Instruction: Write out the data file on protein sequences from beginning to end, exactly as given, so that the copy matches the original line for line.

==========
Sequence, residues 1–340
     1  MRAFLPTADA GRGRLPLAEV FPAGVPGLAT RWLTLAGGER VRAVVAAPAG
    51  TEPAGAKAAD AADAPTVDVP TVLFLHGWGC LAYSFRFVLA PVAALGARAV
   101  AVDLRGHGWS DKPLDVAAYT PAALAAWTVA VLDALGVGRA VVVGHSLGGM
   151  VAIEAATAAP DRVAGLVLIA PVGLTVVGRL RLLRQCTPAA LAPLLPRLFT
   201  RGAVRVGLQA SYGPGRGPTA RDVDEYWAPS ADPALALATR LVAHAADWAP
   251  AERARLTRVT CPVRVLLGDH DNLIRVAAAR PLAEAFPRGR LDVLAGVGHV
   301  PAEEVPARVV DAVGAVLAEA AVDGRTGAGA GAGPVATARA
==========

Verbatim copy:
Sequence, residues 1–340
     1  MRAFLPTADA GRGRLPLAEV FPAGVPGLAT RWLTLAGGER VRAVVAAPAG
    51  TEPAGAKAAD AADAPTVDVP TVLFLHGWGC LAYSFRFVLA PVAALGARAV
   101  AVDLRGHGWS DKPLDVAAYT PAALAAWTVA VLDALGVGRA VVVGHSLGGM
   151  VAIEAATAAP DRVAGLVLIA PVGLTVVGRL RLLRQCTPAA LAPLLPRLFT
   201  RGAVRVGLQA SYGPGRGPTA RDVDEYWAPS ADPALALATR LVAHAADWAP
   251  AERARLTRVT CPVRVLLGDH DNLIRVAAAR PLAEAFPRGR LDVLAGVGHV
   301  PAEEVPARVV DAVGAVLAEA AVDGRTGAGA GAGPVATARA